- The Washington Times - Tuesday, January 19, 2010

FRAMINGHAM, Mass. | A discernible “enthusiasm gap” has emerged in Massachusetts ahead of Tuesday’s Senate special election, leaving Democrat Martha Coakley wheezing as Republican Scott Brown races toward the finish line, powered by passionate crowds enraged at President Obama’s health care plans.

Last-minute polls showed Mr. Brown, a state senator, grabbing a lead over Ms. Coakley, the state’s attorney general, in a race that both sides now say will determine whether President Obama can carry through on his nascent agenda.

“Right now, people are disgusted at the health care bill and how it’s going and why it’s going that way, the carve-outs, the special exceptions. We can do better,” Mr. Brown said as he shook hands outside a Boston Bruins hockey game.

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The election to fill the seat of Sen. Edward M. Kennedy, who died last summer, is coming down to whether the Democratic machine he created will turn out to vote and overcome anger at the health care bill Kennedy would have been pushing were he still alive.

“Every vote matters, every voice matters,” Mr. Obama said in a new TV ad for Ms. Coakley.

In a last-minute appeal that showed the president campaigning with Ms. Coakley a day earlier, Mr. Obama declares: “We need you on Tuesday.”

But in the run-up to voting, anger appears to be winning.

Hours before a last-day rally for Ms. Coakley, workers pulled a long drape across midcourt at a middle school gymnasium in Framingham, a bedroom community 20 miles west of Boston. The curtain cut the small space in half, but the gym was still only a quarter full, with just a couple of hundred people standing near a podium. Thirty minutes before the event, workers slid back into place a stack of bleachers to prevent a huge gap in front of the candidate.

Meanwhile, Mr. Brown drew hundreds of supporters to street rallies in Boston and North Andover, mobs that braved a steady sleet in wind chills that dipped into the teens.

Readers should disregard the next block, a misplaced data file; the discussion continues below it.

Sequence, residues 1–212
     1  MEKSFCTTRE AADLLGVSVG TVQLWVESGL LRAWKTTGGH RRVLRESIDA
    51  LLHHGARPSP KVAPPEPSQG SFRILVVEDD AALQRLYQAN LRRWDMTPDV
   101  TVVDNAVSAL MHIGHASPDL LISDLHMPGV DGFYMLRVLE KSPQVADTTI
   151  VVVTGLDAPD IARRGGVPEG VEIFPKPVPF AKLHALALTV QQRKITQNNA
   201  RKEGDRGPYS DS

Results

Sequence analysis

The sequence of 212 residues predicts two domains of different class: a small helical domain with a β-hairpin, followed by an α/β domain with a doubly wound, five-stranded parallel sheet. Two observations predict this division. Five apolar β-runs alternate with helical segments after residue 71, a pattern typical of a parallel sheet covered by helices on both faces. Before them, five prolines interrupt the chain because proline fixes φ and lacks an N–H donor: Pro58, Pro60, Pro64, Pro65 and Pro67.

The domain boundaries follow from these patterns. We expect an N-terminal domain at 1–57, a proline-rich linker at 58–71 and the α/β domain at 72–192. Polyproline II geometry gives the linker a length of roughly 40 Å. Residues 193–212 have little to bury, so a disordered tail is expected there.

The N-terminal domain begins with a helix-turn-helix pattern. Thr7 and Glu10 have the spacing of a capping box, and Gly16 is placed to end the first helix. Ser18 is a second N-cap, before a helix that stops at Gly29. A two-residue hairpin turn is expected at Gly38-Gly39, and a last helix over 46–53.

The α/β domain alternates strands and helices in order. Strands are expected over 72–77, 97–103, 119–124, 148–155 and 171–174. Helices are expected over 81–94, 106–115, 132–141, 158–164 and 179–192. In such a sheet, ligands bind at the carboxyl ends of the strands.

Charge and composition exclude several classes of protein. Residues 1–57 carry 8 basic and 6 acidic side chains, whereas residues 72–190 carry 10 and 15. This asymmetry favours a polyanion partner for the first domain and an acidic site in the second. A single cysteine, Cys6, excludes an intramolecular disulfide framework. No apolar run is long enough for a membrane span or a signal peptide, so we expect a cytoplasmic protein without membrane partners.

“We love you, Scott,” one man yelled outside TD Garden before a Boston Bruins hockey game. Another told him face to face: “I can’t wait to vote for you tomorrow.”

The crowds followed another Brown rally Sunday in Worcester, where more than 1,000 supporters packed a concert hall and, according to Brown aides, more than 1,000 other supporters flooded into an overflow ballroom in a nearby hotel.

Inside Mechanics Hall, crowds chanted, “The people’s seat” — Mr. Brown’s populist campaign slogan — and cheered for more than an hour as Brown staffers paraded hand-painted signs across the stage.

“These are Palin-sized crowds,” one staffer said, referring to the throngs that turned out to see Republican vice-presidential candidate Sarah Palin during the 2008 campaign.

At the Coakley rally Monday, minutes before the Democrat appeared, a staffer took the stage to encourage the crowd to “get fired up.” A smattering of applause began but died quickly.

The enthusiasm gap extends online, where Mr. Brown racked up an impressive 258,252 views for his official videos in three days, more than double Ms. Coakley’s all-time video views of 94,970. David Burch, marketing director of TubeMogul Inc., which tracks video views, said Mr. Brown’s average views per video is also much higher, at 15,307, compared with Ms. Coakley’s 1,607.

That gap could end up being the difference in the race with Mr. Brown running a campaign that highlights his pickup truck and “regular guy” status and that taps into that dissatisfaction.